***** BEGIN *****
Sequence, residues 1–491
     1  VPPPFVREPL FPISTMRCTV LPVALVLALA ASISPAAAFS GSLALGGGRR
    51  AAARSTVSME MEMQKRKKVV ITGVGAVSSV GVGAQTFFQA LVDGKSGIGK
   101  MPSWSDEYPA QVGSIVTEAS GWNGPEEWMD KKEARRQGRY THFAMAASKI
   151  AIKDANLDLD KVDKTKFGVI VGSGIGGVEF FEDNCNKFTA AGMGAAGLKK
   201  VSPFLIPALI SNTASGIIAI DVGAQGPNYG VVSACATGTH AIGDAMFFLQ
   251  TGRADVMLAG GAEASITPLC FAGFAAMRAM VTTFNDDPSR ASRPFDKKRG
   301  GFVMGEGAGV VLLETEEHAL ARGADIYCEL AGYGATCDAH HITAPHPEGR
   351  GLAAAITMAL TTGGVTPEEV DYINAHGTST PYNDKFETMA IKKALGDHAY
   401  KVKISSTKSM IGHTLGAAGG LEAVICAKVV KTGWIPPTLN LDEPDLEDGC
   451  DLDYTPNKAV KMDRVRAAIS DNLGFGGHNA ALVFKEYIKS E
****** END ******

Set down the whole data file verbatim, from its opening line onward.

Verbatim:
Sequence, residues 1–491
     1  VPPPFVREPL FPISTMRCTV LPVALVLALA ASISPAAAFS GSLALGGGRR
    51  AAARSTVSME MEMQKRKKVV ITGVGAVSSV GVGAQTFFQA LVDGKSGIGK
   101  MPSWSDEYPA QVGSIVTEAS GWNGPEEWMD KKEARRQGRY THFAMAASKI
   151  AIKDANLDLD KVDKTKFGVI VGSGIGGVEF FEDNCNKFTA AGMGAAGLKK
   201  VSPFLIPALI SNTASGIIAI DVGAQGPNYG VVSACATGTH AIGDAMFFLQ
   251  TGRADVMLAG GAEASITPLC FAGFAAMRAM VTTFNDDPSR ASRPFDKKRG
   301  GFVMGEGAGV VLLETEEHAL ARGADIYCEL AGYGATCDAH HITAPHPEGR
   351  GLAAAITMAL TTGGVTPEEV DYINAHGTST PYNDKFETMA IKKALGDHAY
   401  KVKISSTKSM IGHTLGAAGG LEAVICAKVV KTGWIPPTLN LDEPDLEDGC
   451  DLDYTPNKAV KMDRVRAAIS DNLGFGGHNA ALVFKEYIKS E